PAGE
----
Monday, May 15, 2006

Chosen By Our Beliefs: 2nd Installment

The approach I described in "Personal Philosophy: First Installment" has a subtle difference from the way philosophers usually assert their views. Implicit in the usual approach to asserting one's beliefs is the assumption that we are the masters of our beliefs; that we decide to believe this or that. Some “I” or self within us has decided that this is true and that false, and for good reason. But I don’t think this is how we get our beliefs, at least not the fundamental ones.

A story illustrates this: In graduate school for sociology I couldn’t understand how people adopted a sociological tradition and method to follow in. There was the Western Marxism of the Frankfurt School, phenomenological sociology, qualitative vs. quantitative field methods, Structural-Functionalism, and others. If we’re all rational scholars then we would have to rationally choose the tradition which gave the right view of things. But how to choose that? I think what happens is that people are drawn to the traditions and views which attract them. They gravitate, are entranced, find it interesting, speak its language, feel it makes sense or any other non-rational way of being converted to a point of view. I don’t think it is generally the case that people rigorously examine all views and then choose the right one. How could they settle such a thing, since the entire discipline itself has not settled such a thing; that’s why there are differing traditions living uneasily with each other. This is why the intellectual divisions in academia are so severe. By engaging with an unbeliever, the non-rational fundaments of your view are in danger of being exposed.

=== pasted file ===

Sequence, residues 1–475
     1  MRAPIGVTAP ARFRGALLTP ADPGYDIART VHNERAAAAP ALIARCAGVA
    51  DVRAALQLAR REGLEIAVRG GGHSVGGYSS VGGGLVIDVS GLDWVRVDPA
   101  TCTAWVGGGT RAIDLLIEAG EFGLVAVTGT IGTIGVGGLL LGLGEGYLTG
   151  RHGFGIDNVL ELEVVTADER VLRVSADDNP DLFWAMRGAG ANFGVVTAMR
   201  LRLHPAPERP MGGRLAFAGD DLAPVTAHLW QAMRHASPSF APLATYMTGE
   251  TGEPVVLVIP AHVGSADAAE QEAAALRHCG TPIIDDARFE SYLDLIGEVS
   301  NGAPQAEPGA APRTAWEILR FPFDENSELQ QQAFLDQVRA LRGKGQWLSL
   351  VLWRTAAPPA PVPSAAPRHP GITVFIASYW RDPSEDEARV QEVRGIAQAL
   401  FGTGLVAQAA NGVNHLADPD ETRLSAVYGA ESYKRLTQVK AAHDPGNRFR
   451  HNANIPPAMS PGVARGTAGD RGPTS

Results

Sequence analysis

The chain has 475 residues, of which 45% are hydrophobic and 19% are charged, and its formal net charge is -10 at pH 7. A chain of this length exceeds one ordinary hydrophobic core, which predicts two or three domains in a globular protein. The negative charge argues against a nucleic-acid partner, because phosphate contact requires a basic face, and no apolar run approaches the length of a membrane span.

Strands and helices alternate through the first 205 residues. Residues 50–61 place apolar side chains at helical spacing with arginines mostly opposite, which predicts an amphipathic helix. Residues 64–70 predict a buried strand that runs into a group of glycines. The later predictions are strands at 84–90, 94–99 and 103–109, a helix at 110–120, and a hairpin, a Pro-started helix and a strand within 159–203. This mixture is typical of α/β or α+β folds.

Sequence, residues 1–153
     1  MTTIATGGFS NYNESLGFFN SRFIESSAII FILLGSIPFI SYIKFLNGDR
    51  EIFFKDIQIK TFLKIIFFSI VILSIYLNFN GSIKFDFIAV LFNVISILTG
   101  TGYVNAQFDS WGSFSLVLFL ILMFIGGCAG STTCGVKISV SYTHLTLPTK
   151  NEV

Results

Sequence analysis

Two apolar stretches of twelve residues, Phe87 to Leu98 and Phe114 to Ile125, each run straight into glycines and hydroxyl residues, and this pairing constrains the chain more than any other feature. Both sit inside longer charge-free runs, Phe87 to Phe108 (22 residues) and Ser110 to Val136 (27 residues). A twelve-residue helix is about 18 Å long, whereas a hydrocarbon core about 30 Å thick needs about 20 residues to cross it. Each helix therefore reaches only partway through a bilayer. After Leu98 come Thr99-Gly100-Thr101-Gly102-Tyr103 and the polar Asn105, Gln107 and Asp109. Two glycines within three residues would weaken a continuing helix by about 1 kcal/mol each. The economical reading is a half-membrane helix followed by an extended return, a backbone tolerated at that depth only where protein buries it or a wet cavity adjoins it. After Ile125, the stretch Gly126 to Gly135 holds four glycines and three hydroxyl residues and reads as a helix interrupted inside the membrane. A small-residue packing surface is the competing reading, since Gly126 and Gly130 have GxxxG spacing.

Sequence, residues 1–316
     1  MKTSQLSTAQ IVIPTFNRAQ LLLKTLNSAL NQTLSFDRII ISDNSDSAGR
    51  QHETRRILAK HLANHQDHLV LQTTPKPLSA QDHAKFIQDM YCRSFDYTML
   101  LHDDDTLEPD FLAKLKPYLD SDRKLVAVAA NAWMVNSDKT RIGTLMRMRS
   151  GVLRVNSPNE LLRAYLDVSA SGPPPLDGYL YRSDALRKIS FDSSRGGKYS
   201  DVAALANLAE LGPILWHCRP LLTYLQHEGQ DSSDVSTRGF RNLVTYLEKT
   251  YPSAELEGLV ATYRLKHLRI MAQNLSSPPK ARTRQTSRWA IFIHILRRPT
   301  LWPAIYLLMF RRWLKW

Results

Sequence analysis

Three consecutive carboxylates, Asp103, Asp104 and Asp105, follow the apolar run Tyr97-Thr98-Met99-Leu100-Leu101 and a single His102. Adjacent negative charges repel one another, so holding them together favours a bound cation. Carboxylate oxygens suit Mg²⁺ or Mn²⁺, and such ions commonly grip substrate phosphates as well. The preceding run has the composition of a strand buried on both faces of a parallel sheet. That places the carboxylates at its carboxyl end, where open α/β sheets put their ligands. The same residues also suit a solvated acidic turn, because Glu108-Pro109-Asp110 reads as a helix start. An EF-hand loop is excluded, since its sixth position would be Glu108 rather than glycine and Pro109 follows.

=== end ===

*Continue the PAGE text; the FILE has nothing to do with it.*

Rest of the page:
So I think it’s more accurate to say that our beliefs choose or seduce us, rather than us choosing them. This is why people so easily become agitated and fearful when their views are challenged. There is so much of our self at stake when our beliefs are threatened. Dispassionate reason is the mask we use to contain our passionate attachment to a certain way of looking at things. This is why I think that, with enough information, we can determine the psychological work that specific beliefs do in maintaining the existence of the world that we need to have be true.

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